Reference > Cambridge History > Later National Literature, Part II > Henry James > Parentage and Education
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The Cambridge History of English and American Literature in 18 Volumes (1907–21).
VOLUME XVII. Later National Literature, Part II.

XII. Henry James.

§ 5. Parentage and Education.


William James, the novelist’s grandfather, was an Irishman settled in Albany. He was described in a New York newspaper of 1832 as “the Albany business man”; and he laboured so well at business that he left several millions to be divided among twelve heirs. Otherwise the relatives of the novelist were quite innocent of practical affairs. His father, Henry James,  3  was a philosopher-clergyman, a friend of Emerson’s, who carried with him everywhere the entire works of Swedenborg. Henry James, Jr., was born 15 April, 1843, in New York; but he went to Europe as a babe in arms. Two years later, still in long clothes and waggling his feet, he noted from the carriage window “a stately square surrounded with highroofed houses and having in the centre a tall and glorious column”—the reader will recognize the Place Vendôme. From the earliest times, in New York and Albany, all his conceptions of culture had a transatlantic origin. The caricatures of Gavarni, Nash’s lithographs of The Mansions of England, the novels of Dickens read aloud in the family circle,—these fed his imagination. He and his brothers went regularly to a New York bookseller for a boys’ magazine published in London. Even their sense of a “political order” was derived from Leech’s drawings in Punch. Their education was amazingly various and spasmodic,—better adapted, one might suppose, to the formation of novelists than of philosophers. Dozens of private schools and tutors succeeded one another in bewildering rapidity in New York, not to speak of later instruction in Bonn and Geneva, in Paris and London.   8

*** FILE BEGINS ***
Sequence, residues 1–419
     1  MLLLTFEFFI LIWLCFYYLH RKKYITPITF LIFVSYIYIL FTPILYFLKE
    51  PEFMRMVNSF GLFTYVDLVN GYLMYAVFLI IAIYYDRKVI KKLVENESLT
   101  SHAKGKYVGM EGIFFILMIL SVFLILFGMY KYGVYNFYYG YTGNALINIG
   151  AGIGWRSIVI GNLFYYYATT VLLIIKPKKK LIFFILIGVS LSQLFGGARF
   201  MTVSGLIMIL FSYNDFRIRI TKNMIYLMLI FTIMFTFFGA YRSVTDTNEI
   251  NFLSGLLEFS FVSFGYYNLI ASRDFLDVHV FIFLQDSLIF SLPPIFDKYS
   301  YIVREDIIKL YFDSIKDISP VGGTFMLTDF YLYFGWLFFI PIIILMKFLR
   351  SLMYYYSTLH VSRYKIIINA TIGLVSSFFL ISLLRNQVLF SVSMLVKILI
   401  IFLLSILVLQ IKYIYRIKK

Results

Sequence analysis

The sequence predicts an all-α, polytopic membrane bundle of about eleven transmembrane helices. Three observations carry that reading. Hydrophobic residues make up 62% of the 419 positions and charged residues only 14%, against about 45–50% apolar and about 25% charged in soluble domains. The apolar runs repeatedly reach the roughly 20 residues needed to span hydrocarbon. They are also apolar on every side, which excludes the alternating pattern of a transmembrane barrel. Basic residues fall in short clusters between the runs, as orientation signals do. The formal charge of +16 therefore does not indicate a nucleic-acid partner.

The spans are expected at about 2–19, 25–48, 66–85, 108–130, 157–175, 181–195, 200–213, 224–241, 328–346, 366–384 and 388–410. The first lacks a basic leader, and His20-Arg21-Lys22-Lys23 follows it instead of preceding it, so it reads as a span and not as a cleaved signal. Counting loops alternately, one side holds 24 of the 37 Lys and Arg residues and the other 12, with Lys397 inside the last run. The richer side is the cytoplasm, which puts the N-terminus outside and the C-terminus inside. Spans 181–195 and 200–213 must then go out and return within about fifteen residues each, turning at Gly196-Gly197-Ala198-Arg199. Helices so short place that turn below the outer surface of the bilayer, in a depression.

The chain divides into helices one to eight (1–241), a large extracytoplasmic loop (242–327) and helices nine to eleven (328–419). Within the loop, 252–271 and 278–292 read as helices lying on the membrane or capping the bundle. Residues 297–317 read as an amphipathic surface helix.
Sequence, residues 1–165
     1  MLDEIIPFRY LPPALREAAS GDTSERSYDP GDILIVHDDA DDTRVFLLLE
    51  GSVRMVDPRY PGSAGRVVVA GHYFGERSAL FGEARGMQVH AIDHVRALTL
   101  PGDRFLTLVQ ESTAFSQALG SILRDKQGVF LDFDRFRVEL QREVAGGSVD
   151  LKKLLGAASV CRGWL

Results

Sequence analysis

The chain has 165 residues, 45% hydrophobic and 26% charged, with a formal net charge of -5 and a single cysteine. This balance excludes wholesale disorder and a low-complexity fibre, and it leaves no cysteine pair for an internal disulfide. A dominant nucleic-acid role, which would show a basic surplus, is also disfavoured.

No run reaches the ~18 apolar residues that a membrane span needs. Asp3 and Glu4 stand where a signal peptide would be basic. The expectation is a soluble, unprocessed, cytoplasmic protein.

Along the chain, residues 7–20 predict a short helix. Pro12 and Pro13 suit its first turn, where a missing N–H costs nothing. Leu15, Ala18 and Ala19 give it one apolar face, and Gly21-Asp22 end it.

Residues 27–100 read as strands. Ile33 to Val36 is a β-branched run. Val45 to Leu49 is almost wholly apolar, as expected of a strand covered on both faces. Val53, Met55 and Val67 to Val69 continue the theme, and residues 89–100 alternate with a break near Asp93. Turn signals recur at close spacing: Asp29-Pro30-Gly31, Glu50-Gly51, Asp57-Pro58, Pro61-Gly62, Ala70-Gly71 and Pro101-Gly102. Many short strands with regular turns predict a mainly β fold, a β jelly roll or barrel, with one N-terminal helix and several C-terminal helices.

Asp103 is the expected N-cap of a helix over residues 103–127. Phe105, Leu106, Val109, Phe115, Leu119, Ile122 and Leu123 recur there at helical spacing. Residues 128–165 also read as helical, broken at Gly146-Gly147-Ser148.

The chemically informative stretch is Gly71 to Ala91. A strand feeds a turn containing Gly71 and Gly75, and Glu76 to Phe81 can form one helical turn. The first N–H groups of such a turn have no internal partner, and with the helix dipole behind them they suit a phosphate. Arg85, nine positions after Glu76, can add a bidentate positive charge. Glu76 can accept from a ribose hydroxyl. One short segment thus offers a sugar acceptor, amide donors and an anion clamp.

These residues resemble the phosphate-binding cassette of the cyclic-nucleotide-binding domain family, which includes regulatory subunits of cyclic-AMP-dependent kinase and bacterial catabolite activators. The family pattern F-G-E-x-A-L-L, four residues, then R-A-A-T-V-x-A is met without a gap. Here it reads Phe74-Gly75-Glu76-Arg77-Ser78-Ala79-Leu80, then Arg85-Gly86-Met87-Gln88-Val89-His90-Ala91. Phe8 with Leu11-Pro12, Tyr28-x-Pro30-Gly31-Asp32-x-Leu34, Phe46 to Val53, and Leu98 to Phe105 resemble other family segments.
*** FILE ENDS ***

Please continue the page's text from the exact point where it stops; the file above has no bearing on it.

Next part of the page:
All this while the main occupation of the future novelist was the contemplative observation of character. The world of Albany and New York was a world not of vulgar persons but of artistic “values.” Everyone was interesting as a “type”: type of “personal France” or of French “adventuress” (referring to early governesses), type of orphan cousins, type of wild young man. Cousin Henry was a kind of Mr. Dick, cousin Helen a kind of Miss Trotwood. James’s account in A Small Boy and Others shows him in those early days a mere vessel of impressions suitable to the uses of art. All this was fostered by the kind of discipline, or no discipline, maintained by their metaphysical father. For religion, the boys went to all the churches, and, we gather, in much the spirit in which they approached any other æsthetic experience. As for livelihood, or occupation, the father was always inclined to discourage any immediate decision upon that point, lest a young man might prematurely limit the development of his inner life. We are reminded how small a place is taken in the stories of James by what men do to earn a living. In America, it seemed, there were—apart from the unique case of Daniel Webster—but two possible destinies for a young man. Either he went into business or he went to the dogs. But the immediate family and connections of James were always aspiring to that more liberal foreign order in which was offered the third alternative of a person neither busy nor tipsy,—a cultivated person of leisure.   9

Note 3. See also Book III, Chap. XVII. [ back ]

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  Transcendentalism Newport, Boston, Cambridge  
 
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